Survivor-Centered Services on Campus

NOVA’s Campus Training and Technical Assistance Program

NOVA’s Campus Training and Technical Assistance Program provides trauma-informed, accessible, inclusive, and culturally responsive training, technical assistance, and support to all campus victim assistance staff and community partners working with institutions of higher education to address gender-based violence. Our training and technical assistance programs are created to promote an evidence-informed standard of knowledge among those serving victims/survivors of violence and trauma to ensure each individual receives equitable access to an education and community of healing. Centering collective leadership and intersectionality, our training works to enhance, streamline, and continually assess the institutional response to gender-based violence in order to reduce silos and a lens of compliance and truly ask, what does it take to make our campus a safer place?

We know that the campus landscape is ever-evolving and requires precision, intentionality, and flexibility. Our job as campus advocacy staff is to work with institutions to identify these moving targets and create sustainable, collective intervention and prevention systems.

Technical Assistance for OVW Campus Program Grantees

NOVA is proud to serve as a Technical Assistance Provider for the U.S. Department of Justice, Office on Violence Against Women (OVW) Campus Program. In this role, we provide training and technical assistance to institutions of higher education funded by OVW for the areas of Coordinated Community Response Teams (CCRTs) and Student Populations to address domestic violence, dating violence, sexual assault, and stalking (DVSAS) on college campuses.

The Culturally-Specific area works to elevate, and act on the current experiences of historically underserved students today in order to support campuses in developing and sustaining culturally-responsive intervention and prevention services to immigrant students, military-connected students, LGBTQIA+ students, and students with disabilities.

The Coordinated Community Response Team area specializes in the capacity-building, development, and sustainability for Coordinated Community Response Teams (CCRTs) to address domestic violence, dating violence, sexual assault, and stalking (DVSAS) on college campuses.

Training and technical assistance is tailored to be responsive to each institution’s culture, resources and areas of need. Our team has vast experience in the field and works closely with consultants and partner organizations with campus expertise.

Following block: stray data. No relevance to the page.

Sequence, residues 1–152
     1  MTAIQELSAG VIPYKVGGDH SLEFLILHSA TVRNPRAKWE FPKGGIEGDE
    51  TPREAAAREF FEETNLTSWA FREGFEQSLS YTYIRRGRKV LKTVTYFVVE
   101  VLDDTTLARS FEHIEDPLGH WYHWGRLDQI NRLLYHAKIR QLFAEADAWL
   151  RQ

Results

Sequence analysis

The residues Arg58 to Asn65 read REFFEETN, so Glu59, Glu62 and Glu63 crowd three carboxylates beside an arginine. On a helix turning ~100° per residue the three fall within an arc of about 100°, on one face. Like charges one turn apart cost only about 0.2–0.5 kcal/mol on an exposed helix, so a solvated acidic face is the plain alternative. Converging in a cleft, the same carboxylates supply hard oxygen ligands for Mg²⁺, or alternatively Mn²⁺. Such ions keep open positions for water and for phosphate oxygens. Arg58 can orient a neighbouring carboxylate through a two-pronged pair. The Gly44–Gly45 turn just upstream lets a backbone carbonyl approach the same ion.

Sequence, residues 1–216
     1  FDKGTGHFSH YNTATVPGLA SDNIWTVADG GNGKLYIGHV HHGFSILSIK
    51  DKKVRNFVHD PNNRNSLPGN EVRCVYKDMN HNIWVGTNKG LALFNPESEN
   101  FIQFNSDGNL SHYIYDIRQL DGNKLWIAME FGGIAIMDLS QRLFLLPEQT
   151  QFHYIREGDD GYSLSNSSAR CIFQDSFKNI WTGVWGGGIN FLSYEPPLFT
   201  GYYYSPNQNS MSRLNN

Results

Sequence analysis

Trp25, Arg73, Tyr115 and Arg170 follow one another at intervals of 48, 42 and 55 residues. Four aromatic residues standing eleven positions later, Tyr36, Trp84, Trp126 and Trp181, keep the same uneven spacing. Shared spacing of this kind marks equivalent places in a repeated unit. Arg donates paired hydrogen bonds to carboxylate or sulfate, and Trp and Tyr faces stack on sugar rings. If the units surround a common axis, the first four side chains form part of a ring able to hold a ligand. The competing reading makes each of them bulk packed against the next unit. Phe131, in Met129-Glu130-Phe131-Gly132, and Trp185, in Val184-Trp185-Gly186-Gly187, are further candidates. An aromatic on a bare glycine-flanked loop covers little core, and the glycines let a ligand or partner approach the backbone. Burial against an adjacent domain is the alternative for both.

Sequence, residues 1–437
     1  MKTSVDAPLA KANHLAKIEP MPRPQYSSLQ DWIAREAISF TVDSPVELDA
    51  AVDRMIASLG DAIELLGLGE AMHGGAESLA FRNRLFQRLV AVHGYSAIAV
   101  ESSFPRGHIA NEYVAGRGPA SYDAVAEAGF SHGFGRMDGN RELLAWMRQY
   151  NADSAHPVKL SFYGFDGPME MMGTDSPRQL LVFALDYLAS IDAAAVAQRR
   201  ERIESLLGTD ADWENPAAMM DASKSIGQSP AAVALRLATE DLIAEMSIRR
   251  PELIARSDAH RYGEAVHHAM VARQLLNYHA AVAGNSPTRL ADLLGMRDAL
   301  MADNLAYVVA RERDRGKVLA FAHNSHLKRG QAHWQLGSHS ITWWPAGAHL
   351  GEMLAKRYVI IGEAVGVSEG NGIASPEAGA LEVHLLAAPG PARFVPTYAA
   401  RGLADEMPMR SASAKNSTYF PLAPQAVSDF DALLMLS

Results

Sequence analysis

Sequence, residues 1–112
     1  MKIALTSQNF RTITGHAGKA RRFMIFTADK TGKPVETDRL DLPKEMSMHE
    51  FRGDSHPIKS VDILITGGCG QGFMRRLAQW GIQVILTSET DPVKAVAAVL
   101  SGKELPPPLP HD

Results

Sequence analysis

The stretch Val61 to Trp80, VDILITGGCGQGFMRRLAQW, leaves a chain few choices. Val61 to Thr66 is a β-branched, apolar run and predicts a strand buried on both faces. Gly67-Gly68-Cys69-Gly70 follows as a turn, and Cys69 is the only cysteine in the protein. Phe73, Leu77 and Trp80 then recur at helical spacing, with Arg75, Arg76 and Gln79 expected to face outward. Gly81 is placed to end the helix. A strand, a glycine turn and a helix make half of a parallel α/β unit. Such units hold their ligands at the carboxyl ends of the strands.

• Developing Coordinated Community Response (CCR) Teams that are inclusive, culturally responsive, and trauma-informed;
  • Cultivating collaborative campus and community partnerships and meaningful inclusion in CCR initiatives;
  • Engaging administrative leadership to embed CCR initiatives into the institution;
  • Best practices around:
    • CCR Team structure and process, including linkage with other existing multidisciplinary teams;
    • CCR Team composition and leadership, including student involvement in the CCR Team;
    • Internal and external memoranda of understanding;
    • Conflict resolution strategies; CCR Team policies and communications strategies, and effective meeting facilitation; and
    • Strategies for sustainability.

Our technical assistance and training include:

  • Individual campus consultations
  • Virtual and in-person trainings
  • Customized technical assistance to provide in-the-moment expert assistance
  • CCR Team product review and feedback
  • Virtual and in-person site visits
  • Digital toolkits and resources

The NOVA Coordinated Community Response (CCR) Advisory Committee was established in 2021 to be responsive to the needs of higher education institutions and inform the training and technical assistance funded by the Office on Violence Against Women (OVW).  The CCR Advisory Committee includes individuals who have experience serving on effective Coordinated Community Response (CCR) Teams from a diverse array of institutions.